Therefore, it would be desirable to use a method that eliminates the lamination tolerances of the base and the lid.

SUMMARY OF THE INVENTION

According to one method, an electrochemical multilayer test sensor is formed that includes a base, a second layer and a reactive layer. The reactive area includes an enzyme. The test sensor is adapted to be used in a meter and assist in determining the concentration of an analyte. A plurality of electrodes and their respective conductive leads are partially defined on the base. After partially defining the plurality of electrodes and their respective conductive leads on the base, the base is attached to a second layer to define a reaction zone in which the plurality of electrodes are fully defined. After attaching the base to the second layer, the plurality of conductive leads on the base of the test sensor are fully defined.

According to another method, an electrochemical multilayer test sensor is formed that includes a base, a second layer and a reactive layer. The reactive area includes an enzyme. The test sensor is adapted to be used in a meter and assist in determining the concentration of an analyte. A plurality of electrodes and their respective conductive leads on the base are partially defined via a laser. After partially defining the plurality of electrodes and their respective conductive leads on the base, the base is attached to a second layer to define a reaction zone in which the plurality of electrodes are fully defined. After attaching the base to the second layer, the plurality of conductive leads on the base of the test sensor are fully defined. The test sensor is excised from the attached base and the second layer.

BRIEF DESCRIPTION OF THE DRAWINGS

FIG. 1 a is a top view of a prior art sensor-ribbon strip in which a base-ribbon strip and a lid-ribbon strip have been misregistered.

FIG. 1 b is a cross-sectional view taken generally along lines 1 b-1 b of prior art FIG. 1 a.

FIG. 1 c is a cross-sectional view taken generally along lines 1 c-1 c of prior art FIG. 1 a.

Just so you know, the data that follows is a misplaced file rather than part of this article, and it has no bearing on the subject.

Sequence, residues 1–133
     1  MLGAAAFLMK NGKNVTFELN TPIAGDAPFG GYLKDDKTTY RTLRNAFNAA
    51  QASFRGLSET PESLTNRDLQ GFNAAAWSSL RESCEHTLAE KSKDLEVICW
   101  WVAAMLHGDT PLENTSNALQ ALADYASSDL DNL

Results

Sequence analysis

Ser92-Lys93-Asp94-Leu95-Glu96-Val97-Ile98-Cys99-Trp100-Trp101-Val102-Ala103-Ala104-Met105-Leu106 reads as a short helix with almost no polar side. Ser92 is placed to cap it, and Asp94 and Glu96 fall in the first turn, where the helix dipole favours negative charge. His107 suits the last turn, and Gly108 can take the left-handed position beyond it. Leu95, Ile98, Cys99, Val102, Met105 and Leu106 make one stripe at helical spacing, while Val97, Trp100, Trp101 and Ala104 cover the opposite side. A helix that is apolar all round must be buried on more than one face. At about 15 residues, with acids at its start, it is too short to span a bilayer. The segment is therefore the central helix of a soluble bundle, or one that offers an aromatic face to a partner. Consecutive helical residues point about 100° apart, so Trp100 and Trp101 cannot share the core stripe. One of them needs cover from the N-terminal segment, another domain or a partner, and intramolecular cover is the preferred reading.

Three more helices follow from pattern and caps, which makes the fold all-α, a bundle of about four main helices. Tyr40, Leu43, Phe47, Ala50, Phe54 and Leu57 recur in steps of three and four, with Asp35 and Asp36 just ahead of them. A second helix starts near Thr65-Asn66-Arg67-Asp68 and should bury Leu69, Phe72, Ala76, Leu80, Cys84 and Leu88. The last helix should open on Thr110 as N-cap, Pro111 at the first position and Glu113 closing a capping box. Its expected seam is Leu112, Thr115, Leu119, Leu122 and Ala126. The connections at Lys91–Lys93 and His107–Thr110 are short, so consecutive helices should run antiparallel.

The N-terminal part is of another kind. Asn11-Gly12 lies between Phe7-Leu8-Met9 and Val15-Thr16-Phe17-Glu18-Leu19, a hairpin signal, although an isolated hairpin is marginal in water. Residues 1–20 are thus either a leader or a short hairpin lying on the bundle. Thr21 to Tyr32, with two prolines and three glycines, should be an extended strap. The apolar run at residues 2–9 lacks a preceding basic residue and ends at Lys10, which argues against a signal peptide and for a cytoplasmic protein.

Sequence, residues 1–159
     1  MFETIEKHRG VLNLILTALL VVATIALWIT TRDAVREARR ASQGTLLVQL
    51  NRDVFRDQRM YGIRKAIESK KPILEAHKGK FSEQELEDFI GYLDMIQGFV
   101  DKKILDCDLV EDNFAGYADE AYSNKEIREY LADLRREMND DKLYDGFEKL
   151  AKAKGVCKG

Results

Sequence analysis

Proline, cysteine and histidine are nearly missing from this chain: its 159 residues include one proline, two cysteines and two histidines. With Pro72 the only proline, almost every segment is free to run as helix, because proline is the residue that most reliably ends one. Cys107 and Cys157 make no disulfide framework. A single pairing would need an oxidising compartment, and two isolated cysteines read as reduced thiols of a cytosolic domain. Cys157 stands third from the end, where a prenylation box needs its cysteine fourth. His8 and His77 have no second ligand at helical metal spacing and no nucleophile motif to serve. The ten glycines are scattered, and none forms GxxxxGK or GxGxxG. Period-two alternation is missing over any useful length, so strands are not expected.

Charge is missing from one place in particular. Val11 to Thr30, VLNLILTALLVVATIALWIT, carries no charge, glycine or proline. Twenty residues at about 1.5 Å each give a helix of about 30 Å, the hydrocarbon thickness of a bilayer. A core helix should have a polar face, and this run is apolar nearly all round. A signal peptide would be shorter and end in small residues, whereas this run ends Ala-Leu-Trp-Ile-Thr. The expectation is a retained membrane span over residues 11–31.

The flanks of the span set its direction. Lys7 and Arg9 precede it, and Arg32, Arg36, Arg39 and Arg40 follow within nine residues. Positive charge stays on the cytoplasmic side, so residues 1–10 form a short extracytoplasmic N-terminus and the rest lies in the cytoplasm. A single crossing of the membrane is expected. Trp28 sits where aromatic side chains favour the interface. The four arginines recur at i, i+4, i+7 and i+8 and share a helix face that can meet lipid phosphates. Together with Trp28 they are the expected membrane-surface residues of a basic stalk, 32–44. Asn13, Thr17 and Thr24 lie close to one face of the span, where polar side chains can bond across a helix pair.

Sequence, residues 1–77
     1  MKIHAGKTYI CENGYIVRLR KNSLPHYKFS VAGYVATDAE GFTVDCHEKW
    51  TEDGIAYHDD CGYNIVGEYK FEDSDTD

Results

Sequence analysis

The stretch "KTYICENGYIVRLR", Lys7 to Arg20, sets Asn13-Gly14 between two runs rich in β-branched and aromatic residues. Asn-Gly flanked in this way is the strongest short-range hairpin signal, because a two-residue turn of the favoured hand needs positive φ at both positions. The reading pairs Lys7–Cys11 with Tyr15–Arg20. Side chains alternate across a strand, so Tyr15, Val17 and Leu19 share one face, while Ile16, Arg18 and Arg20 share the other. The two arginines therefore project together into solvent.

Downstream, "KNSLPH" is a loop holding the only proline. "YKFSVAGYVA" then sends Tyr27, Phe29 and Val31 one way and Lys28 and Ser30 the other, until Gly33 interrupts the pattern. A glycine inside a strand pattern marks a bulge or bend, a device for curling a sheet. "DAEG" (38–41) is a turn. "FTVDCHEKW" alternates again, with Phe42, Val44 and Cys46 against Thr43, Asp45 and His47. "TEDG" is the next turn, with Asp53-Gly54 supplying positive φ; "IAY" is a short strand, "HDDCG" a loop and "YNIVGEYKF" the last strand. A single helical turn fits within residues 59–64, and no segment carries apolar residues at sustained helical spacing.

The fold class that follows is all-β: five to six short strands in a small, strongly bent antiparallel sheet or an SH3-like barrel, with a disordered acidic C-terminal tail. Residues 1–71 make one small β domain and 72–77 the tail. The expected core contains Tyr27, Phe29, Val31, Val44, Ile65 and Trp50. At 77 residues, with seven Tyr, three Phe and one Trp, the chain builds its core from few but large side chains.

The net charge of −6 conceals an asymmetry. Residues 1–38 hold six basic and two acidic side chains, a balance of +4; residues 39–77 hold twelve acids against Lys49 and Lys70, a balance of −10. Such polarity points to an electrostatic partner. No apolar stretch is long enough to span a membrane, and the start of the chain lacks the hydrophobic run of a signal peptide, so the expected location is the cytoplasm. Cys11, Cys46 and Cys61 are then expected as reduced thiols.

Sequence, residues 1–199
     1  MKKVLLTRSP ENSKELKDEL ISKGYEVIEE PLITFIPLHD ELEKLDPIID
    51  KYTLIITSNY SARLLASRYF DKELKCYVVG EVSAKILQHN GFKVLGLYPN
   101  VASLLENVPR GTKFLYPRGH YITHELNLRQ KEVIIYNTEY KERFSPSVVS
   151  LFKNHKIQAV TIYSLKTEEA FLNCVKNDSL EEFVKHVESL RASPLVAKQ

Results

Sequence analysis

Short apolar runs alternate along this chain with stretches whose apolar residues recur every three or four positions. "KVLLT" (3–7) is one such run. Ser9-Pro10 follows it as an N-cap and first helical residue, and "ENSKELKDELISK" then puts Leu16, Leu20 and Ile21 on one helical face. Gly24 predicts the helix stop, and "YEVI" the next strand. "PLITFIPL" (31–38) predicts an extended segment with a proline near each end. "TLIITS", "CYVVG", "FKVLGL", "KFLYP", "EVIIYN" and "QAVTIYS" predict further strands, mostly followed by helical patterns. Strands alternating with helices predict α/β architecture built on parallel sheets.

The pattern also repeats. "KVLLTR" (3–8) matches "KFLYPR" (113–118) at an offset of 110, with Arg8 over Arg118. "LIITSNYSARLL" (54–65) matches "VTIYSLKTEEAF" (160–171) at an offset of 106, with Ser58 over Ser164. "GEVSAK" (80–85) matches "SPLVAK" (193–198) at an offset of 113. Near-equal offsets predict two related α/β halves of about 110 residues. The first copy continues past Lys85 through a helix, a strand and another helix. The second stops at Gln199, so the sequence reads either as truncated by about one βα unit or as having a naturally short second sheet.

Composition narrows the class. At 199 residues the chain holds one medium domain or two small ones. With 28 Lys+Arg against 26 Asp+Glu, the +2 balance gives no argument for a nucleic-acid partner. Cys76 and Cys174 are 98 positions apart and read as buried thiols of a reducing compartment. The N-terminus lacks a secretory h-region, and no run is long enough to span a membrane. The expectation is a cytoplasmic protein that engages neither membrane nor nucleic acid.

FIG. 2 a is a top view of a test sensor including a lid according to one embodiment.

FIG. 2 b is a top view of the test sensor of FIG. 2 a without the lid.

FIG. 3 is a top view of a base-ribbon strip according to one embodiment.

FIG. 4 a is a top view of the base-ribbon strip of FIG. 3 laminated to a lid-ribbon strip according to one embodiment in which the base-ribbon strip and lid-ribbon strip are misregistered.

FIG. 4 b is a cross-sectional view taken generally along lines 4 b-4 b of FIG. 4 a.

FIG. 4 c is a cross-sectional view taken generally along lines 4 c-4 c of FIG. 4 a.

FIG. 4 d is an enlarged top view of a portion of the base-ribbon strip of FIG. 3 and the lid-ribbon strip of FIG. 4 a with a straight cut according to one embodiment.

FIG. 4 e is an enlarged top view of a portion of a base ribbon of FIG. 3 and a lid-ribbon strip of FIG. 4 a with an angled cut according to one embodiment.

FIG. 5 is a top view of a base-ribbon strip according to another embodiment.

FIG. 6 is a top view of the base-ribbon strip of FIG. 5 laminated to a lid-ribbon strip in which the base-ribbon strip and the lid-ribbon strip are properly aligned according to another embodiment.

FIG. 7 a is a top view of a spacer-ribbon strip overlying the base-ribbon strip of FIG. 5 according to a further embodiment.

FIG. 7 b is a cross-sectional view taken generally along lines 7 b-7 b of FIG. 7 a.

FIG. 8 is a top view of the base and spacer-ribbon strip of FIG. 7 a laminated to a lid-ribbon strip in which the base-ribbon strip, spacer-ribbon strip and the lid-ribbon strip are properly aligned according to a further embodiment.

FIG. 9 a is a cross-sectional view taken generally along lines 9 a-9 a of FIG. 8.

FIG. 9 b is a cross-sectional view of a test sensor formed from the base/spacer/lid ribbon strip of FIG. 8 taken generally along lines 9 a-9 a of FIG. 8.

DETAILED DESCRIPTION OF ILLUSTRATED EMBODIMENTS

The present invention is directed to an improved method of forming a multilayer test sensor by eliminating or reducing problems between the conductive leads or traces and the contacts of the instrument caused by misregistering the base and the lid in the attachment (e.g., lamination) act. By eliminating or reducing such problems, erroneous readings of an analyte concentration are reduced, as well as no readings of an analyte concentration are reduced.